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Dominic Gervasio smiles while he sifts through a stack of composite membranes, paper-thin black material with transparent yellow borders, about 1.5 feet by six inches.

Dominic Gervasio, associate engineering professor at the University of Arizona, holds composite membranes used to test technology for fuel cells that can operate at high temperatures. Major aircraft suppliers have reportedly expressed interest. (Photo: Paul Tumarkin/Tech Launch Arizona)

University of Arizona Professor Advances New Fuel-Cell Technology

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University of Arizona Professor Advances New Fuel-Cell Technology

Dec. 6, 2018
Dominic Gervasio is working with Tech Launch Arizona to commercialize a smaller, lighter fuel cell that can operate at high temperatures without using water.

Hydrogen fuel cells have been in limited commercial use for decades, but their wide adoption has been hampered by high costs and technical issues.

Now a University of Arizona professor is working to commercialize a new type of polymer electrolyte fuel cell that can operate at high temperature without the need for water.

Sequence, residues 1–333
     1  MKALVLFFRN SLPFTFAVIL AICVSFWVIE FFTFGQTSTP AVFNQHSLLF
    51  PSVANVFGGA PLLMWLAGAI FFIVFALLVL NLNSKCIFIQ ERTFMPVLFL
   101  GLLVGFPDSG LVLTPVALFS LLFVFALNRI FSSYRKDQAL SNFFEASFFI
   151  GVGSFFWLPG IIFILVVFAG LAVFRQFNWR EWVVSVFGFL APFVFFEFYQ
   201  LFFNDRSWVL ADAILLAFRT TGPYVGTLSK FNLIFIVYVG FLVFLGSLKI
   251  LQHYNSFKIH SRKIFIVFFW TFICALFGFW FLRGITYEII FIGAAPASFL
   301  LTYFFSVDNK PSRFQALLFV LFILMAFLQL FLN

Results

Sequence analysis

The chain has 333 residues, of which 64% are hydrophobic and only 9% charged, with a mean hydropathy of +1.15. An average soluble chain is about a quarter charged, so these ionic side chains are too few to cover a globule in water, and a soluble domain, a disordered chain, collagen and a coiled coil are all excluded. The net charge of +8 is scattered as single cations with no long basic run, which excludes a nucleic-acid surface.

Dominic Gervasio, a professor in the Department of Chemical and Environmental Engineering, is working with Tech Launch Arizona, the UA’s technology commercialization arm, to patent and potentially license the technology.

Fuel cells generate electricity via a chemical reaction using hydrogen. They consist of plates of various materials that create the reaction.

The new fuel-cell technology could be used in autos, or for remote or emergency power generation, but one of the chief beneficiaries is expected be the aircraft industry, where limiting size and weight is crucial, Gervasio said.

“The people in the aerospace industry want these fuel cells to improve the efficiency of their aircraft,” said Gervasio.